The wider SailGP fleet have begun ‘copying New Zealand’s style of starting’, resulting in the Kiwi team’s ‘faltering’ performance in Cádiz, according to SailGP’s podcast.
In the latest episode of Deep Dive, hosts Stevie Morrison and Freddie Carr, together with SailGP presenter Lisa Darmanin, dissect all the racing action from Cádiz and analyse the performances of the nine-strong F50 fleet.
The trio focus in on New Zealand’s rising trajectory throughout Season 3, with the team battling back against criticism to claim back-to-back event wins in Plymouth and Copenhagen.
“We all agree that was down to the starting,” Carr says, describing the team’s strategy as ‘a timed run deep in the box about a minute out, keeping it ripping and nailing their timed run to the start.”
In Copenhagen the success of this strategy was clear, with the Kiwis leading the sprint to Mark 1 in all three fleet races. But in Cádiz, Carr notes that ‘all nine boats were at the back of the box’ with ‘45 seconds to go’ in a direct imitation of New Zealand’s starting strategy. This consequently ‘blunted the weapon’ for the Kiwis, he says.
“New Zealand were still doing their timed runs, but they weren’t nailing them and I think that’s why we saw a bit of a falter from them,” he says.
Morrison agrees: “The teams are not stupid - they’re learning on the job out there and (…) they can spot the patterns.” This left the Kiwi team ‘rattled’, Morrison says, resulting in a mixed 1-6-5-8-7 fleet racing record and 6th place overall.
One key error saw the Kiwis cross the start line around five seconds early in the fifth and final fleet race, earning them an OCS penalty alongside Spain and the United States, both of which crossed the line with one second to go.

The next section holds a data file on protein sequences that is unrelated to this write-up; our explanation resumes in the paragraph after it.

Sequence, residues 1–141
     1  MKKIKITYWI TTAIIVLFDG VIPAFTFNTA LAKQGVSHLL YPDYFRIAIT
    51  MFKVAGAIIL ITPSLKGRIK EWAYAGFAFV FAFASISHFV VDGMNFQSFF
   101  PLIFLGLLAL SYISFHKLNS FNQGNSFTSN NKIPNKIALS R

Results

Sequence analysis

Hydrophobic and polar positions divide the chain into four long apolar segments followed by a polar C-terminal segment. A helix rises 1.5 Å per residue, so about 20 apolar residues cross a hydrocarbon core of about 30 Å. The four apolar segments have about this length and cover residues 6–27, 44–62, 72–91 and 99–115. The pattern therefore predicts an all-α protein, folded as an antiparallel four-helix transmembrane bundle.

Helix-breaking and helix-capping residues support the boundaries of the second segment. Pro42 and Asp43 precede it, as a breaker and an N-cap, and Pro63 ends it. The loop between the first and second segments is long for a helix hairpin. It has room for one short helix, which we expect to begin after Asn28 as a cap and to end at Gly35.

New Zealand and the U.S. cleared the penalty quickly by not turning towards the first mark and immediately dropping behind Great Britain, which was the last boat to start. Spain however didn’t react as quickly and struggled to get back behind the British boat to clear the penalty.
This incident caught the eye of Morrison, who argues New Zealand should have been ‘Black Flagged’ or picked up ‘a far harsher penalty than they did’.
Dissecting the incident, Morrison says: “Jimmy Spithill on the American boat had the chance to shut the door on New Zealand, but the Kiwis saw that coming and started over the line. They had the option to tack and jibe around.”
He argues that in a ‘normal race’, this move would result in ‘instant disqualification’. “Our rules are a little bit different to keep the racing tighter, but for me that was such a bad foul - I didn’t like the way that went.”
Darmanin disagrees the incident was worthy of a Black Flag, describing it as ‘a clever move’. “I think it was probably what I would’ve done in that situation - just gone for it rather than be trapped out and start behind everyone with not a lot of speed.”
However she questions why both the U.S. and New Zealand’s OCS penalties were so promptly cleared.
“For me it was a question of why was it cleared so quickly - or was it just a really good technique to clear the penalty and then get back into the race?”
The Deep Dive podcast is available on all major podcast platforms and features new episodes ahead of every event of SailGP Season 3.